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Guard Animals Guarding the homestead


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  #21  
Old 12/19/16, 11:45 AM
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Just for clarity, Duke was an Anatolian Shepherd, not an Akbash, there is quite a difference in temperament between the two. Akbash is not considered a fighting dog in some countries as the Anatolian is, and I think there is a lot of diversity in temperament within the AS breed. Also, the BC was actually a BC/AS cross. This is generally the worst type of cross you can breed as an LGD breed should have a low prey drive, while the BC depends on a high prey drive to do its job...the two should never be crossed, there is no such thing as " the best of both worlds" genetics don't work that way. The guy made a lot of mistakes with his dogs, but the one that got him bit on this particular day was putting himself in a submissive position in front of a dog who was already very comfortable growling at him, right after taking that piglet away.
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  #22  
Old 12/19/16, 07:13 PM
 
Join Date: Jun 2004
Location: Michigan's thumb
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I reread the article. Anatolian I meant, not Akbash- two different dogs. Sorry. I was thinking big Anatolian.

One thing he did was to continue chastising the dog. This can really put a dog over the edge, not most dogs, but some. Duke had dropped the piglet, was coming to him as asked, yet being reprimanded. The dog was giving submissive signals, yet still being chastised. So, now one person is saying the dog was growling and being aggressive and the other (me) saying he was showing submission yet still chastised.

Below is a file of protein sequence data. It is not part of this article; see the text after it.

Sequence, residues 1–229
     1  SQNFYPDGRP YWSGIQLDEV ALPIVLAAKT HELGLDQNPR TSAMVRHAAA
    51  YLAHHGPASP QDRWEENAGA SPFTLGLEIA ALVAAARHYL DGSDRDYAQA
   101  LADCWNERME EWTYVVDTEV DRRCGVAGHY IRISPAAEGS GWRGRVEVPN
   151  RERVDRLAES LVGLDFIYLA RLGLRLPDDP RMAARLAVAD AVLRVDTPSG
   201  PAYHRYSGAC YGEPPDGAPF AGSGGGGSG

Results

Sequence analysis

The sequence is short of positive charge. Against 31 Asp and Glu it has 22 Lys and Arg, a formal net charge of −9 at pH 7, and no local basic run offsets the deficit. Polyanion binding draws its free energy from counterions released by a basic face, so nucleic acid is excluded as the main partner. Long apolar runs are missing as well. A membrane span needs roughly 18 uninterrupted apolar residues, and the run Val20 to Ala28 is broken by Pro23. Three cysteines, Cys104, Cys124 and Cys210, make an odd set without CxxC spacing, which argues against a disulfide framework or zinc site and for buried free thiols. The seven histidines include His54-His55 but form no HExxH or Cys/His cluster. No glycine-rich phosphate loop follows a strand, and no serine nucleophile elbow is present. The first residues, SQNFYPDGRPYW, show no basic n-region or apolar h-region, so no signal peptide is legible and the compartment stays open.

If we had a video of the event we might be better able to point out exactly what happened. All in all, Tommy was too inexperienced for this type of dog. It is too bad this occurred, and it may not have with a different owner.
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  #23  
Old 12/21/16, 05:43 AM
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I agree, a video would be great. Unfortunately it was impossible in this situation. I went back and copied the passage where he described Dukes behavior. To me it sounds as though Duke was pretty conflicted as to how he should behave. I would not read a dog behaving in the manner described as submissive so much as confused, and his owner really just gave the wrong signal by putting himself on the same level as the dog. What do you think? Either way it was a sad situation for everyone.

"I continued to express disapproval and encourage him to come away from the piglet and toward me, which he eventually did. He was in a submissive posture as he approached me, though he was still growling slightly, and he was wagging his tail as I backed away from the area in which the piglet was located, so it was “so far, so good” at that point."
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  #24  
Old 12/21/16, 11:38 AM
 
Join Date: Jun 2004
Location: Michigan's thumb
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We associate a tail wag with joy and friendliness. However, I tail wag can mean anxiety. The anxiety is basically escaping through the tail. I agree with you on the confusion. It’s bad enough when people do not understand a soft dog’s signals, but with this type of dog it is very bad. I would suggest that anyone getting a possibly dangerous dog to learn doggie signals. Ear carriage, posture, tail. Also, don’t lecture, like this guy was doing.
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